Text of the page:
Like many dog lovers, I read in horror as news broke about Kokito, a 10-month-old French Bulldog who died on a United Airlines flight from Houston to New York City last week. The puppy died after a flight attendant forced her owner to put the dog (who was in a carrier) into an overhead bin instead of under the seat. There is no air circulation in the overhead bins, and Kokito sadly passed away during the flight. United Airlines issued a statement saying that they “assume full responsibility for this tragedy and express our deepest condolences to the family and are committed to supporting them.” The airline added that it is “thoroughly investigating what occurred to prevent this from ever happening again.”
In fact, United Airlines had a bad week when it came to flying with dogs. The day after Kokito’s death, Irgo, a 10-year-old German Shepherd Dog who was moving from Oregon to Kansas with his family, was mistakenly put on a flight to Japan. Irgo is okay, and United flew him back to his family on a private jet, but it’s terrifying that the dog was lost in the first place and ended up in another country before anyone at the airline realized what had happened. Then, a few days later, a flight from Newark to St. Louis made an unscheduled landing in Ohio, because a dog was put onto the plane by mistake and was headed to a wrong destination.
So, what should dog parents know about flying with a dog? How can you keep your dog safe if you choose to or must fly with your dog? Let’s review some safety guidelines and what to know about flying with a dog.
Flying With a Dog — First, Why Do People Fly With Their Dogs?
In our global world, pet owners increasingly want to travel with their pets — on land and in the air. In fact, 1 million animals are transported by airplanes every year. In some ways, flying with a dog is safe, and the Animal Welfare Act provides some guidelines intended to keep animals safe on airplanes, including how old they have to be, how long they can be left waiting before boarding, etc. Head to transportation.gov to learn more about the specific regulations for flying with a dog.
But, things can — and do — go wrong. So, is flying with a dog worth the risk? The Humane Society of the United States says no: “We strongly discourage having your pet travel by air in the cargo hold of a plane. It can be dangerous and stressful.”
But flying with a dog isn’t always dangerous. Some people do it regularly, for example, people who fly their large dogs in cargo to agility (and other dog sport and show) competitions domestically and internationally. People in the military also fly with their dogs when relocating to military bases around the world.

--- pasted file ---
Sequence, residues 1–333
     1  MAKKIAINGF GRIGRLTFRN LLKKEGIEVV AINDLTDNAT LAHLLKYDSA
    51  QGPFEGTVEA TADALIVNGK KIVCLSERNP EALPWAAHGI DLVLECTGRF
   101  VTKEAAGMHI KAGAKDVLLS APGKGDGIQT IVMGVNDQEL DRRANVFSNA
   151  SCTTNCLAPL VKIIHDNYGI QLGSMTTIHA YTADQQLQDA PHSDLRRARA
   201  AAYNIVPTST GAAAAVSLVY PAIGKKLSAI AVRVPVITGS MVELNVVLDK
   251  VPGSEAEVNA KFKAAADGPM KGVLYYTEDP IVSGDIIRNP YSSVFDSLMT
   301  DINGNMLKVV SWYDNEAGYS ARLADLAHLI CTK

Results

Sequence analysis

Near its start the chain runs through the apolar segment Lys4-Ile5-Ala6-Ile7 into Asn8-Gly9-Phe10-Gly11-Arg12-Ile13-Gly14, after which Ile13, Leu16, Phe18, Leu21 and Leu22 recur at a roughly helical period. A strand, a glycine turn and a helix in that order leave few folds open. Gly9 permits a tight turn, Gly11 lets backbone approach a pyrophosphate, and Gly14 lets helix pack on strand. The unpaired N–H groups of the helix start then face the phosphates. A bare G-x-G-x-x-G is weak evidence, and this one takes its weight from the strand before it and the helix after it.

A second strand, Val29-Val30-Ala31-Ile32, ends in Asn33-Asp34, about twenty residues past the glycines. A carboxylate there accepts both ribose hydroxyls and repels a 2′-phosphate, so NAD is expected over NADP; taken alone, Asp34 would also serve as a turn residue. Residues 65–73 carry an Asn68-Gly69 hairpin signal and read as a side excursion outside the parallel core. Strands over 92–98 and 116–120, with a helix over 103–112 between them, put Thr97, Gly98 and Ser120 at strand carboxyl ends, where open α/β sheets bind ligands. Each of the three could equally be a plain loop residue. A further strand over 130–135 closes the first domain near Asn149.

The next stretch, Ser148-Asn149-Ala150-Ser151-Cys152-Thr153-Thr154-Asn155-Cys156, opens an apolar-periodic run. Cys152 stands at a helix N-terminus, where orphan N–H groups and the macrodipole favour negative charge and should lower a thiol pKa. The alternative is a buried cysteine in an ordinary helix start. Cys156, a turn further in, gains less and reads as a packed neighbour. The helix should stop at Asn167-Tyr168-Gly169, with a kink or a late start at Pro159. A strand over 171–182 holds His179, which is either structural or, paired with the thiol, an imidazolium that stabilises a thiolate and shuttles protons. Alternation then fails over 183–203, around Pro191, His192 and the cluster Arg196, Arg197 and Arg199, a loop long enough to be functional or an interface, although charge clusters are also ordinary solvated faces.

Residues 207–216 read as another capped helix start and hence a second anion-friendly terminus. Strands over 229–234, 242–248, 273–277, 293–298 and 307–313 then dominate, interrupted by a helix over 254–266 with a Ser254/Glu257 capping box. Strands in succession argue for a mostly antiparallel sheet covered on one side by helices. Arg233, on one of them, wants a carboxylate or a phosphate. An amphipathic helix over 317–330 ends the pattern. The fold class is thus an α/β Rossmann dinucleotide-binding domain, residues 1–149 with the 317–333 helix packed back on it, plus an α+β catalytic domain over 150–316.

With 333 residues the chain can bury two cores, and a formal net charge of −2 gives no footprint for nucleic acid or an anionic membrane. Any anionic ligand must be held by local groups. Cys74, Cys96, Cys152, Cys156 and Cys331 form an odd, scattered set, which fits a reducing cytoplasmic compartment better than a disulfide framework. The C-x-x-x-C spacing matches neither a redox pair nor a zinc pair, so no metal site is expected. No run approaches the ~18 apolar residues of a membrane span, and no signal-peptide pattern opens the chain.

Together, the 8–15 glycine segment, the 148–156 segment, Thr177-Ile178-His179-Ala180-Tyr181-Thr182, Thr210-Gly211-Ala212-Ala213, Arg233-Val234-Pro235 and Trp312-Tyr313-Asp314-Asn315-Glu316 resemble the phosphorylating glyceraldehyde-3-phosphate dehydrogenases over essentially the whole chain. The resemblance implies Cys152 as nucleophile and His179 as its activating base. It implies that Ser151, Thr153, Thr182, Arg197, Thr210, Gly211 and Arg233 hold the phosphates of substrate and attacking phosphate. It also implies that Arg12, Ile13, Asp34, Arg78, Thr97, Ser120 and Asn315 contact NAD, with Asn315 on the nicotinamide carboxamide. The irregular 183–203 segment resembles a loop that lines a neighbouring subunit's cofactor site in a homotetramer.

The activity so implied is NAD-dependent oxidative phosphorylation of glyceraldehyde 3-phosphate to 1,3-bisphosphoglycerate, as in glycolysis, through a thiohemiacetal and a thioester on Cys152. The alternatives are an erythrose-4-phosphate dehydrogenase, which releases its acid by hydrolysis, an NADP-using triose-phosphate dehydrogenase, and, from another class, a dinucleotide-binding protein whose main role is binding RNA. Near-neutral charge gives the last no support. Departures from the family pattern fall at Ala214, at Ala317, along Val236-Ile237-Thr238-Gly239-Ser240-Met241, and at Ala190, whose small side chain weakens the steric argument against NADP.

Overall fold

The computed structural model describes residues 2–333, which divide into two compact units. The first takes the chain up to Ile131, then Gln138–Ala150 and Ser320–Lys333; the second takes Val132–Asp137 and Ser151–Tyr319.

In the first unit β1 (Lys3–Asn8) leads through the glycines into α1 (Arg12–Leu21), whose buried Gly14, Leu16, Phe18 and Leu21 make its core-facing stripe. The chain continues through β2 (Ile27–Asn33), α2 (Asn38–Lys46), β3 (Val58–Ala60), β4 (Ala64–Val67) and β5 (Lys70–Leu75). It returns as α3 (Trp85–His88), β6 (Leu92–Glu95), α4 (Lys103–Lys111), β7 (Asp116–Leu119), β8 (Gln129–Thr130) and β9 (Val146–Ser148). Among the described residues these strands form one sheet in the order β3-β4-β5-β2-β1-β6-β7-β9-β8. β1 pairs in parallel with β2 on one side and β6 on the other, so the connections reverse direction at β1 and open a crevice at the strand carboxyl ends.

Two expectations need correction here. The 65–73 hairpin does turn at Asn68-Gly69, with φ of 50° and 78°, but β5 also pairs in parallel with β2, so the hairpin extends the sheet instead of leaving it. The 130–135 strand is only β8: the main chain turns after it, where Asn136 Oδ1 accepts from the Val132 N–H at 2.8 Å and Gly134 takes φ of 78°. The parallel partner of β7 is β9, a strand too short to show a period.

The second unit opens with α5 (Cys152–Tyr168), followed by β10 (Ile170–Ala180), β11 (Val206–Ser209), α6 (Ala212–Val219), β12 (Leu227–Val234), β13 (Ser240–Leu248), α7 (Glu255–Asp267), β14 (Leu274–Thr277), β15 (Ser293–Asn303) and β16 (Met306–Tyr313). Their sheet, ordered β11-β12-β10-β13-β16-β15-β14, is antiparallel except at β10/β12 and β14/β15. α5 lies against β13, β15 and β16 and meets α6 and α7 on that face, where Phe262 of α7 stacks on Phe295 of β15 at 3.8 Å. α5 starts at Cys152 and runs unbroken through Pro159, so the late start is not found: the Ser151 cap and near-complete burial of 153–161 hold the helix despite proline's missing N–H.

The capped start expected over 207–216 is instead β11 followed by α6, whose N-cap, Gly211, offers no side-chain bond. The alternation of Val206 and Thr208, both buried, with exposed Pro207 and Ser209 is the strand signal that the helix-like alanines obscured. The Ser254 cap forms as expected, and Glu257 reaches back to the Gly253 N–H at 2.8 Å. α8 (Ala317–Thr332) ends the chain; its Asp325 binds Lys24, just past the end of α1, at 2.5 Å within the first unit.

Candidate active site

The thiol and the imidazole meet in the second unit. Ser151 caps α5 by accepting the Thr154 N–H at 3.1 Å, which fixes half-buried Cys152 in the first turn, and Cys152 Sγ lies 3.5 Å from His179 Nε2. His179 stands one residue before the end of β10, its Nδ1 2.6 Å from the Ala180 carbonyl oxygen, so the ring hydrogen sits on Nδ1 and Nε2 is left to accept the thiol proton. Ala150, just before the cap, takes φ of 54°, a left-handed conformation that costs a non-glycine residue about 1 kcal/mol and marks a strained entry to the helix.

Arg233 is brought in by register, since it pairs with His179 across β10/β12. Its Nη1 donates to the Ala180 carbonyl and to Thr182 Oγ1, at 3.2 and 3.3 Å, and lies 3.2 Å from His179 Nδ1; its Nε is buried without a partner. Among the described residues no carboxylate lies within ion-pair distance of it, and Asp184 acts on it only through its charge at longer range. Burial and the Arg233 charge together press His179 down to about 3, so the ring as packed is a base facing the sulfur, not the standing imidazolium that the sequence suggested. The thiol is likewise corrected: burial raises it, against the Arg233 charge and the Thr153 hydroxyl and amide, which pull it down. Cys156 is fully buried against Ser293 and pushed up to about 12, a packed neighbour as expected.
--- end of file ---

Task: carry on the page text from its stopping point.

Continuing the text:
When my partner and I moved from Portland, Oregon, to New York, New York, 11 years ago we flew our (at the time only small) pets in the cabin of an airplane. There are lots of reasons that might necessitate flying with a dog, so here are some expert tips and suggestions for how and when it can be done safely.
Health Concerns About Flying With a Dog
If you’re looking at flying with a dog, there are some breed-specific concerns to keep in mind. “In summer months, many airlines won’t allow brachycephalic breeds to fly, those being French Bulldogs, Pugs and Bulldogs, because their anatomy can result in breathing complications, which are worse in summer months,” says Emmy-award winning veterinarian, Dr. Jeff Werber.
Additionally, it’s important to take the health of your dog into account. Dr. Werber advises that “any dogs with upper respiratory issues or any illnesses, should not fly.”
Your dog’s age should also be factored into the decision. “Older dogs might be restricted. For any age dog, make sure your dog is checked by a veterinarian to make sure she is healthy enough to fly,” says Dr. Werber.
When It Comes to Flying With a Dog, Every Single Dog Is Different
“Air travel is different for every dog, breed and owner,” cautions Gordie Spater, Cofounder and Chief Business Officer of Kurgo, which manufactures travel gear for dogs. “Knowing how to prepare for your next trip and what to look for in an airline will be key in having a safe and successful journey.”
When flying with a dog, you can’t ever be too prepared.
What to Do Before Flying With a Dog
1. Call Your Vet
Thinking of flying with a dog? Schedule a physical for your dog. “First, consult your vet before traveling,” Spater advises. “Not all dog breeds travel well or can handle the stress and air pressure changes when flying. Be sure to discuss how your pup will handle flying based on his or her breed, age and overall health.”
2. Research Pet-Friendly Airlines and Their Policies
Research airlines and find one with a track record for safely transporting dogs that you feel comfortable with. You can get a full overview of all incidents involving animals from the publicly released government reports.
3. Check Out Pet-Specific Flights
4. Purchase the Appropriate Under-Seat Carrier If Your Dog Is Traveling in the Cabin
Purchase an airline-approved, soft-sided carrier if you are flying with a dog in the cabin. Buy the carrier well ahead of time to ensure that your dog can fit inside the carrier and has time to get acclimated to it. Even dogs who are crate-trained may need some time to get used to a soft-sided carrier.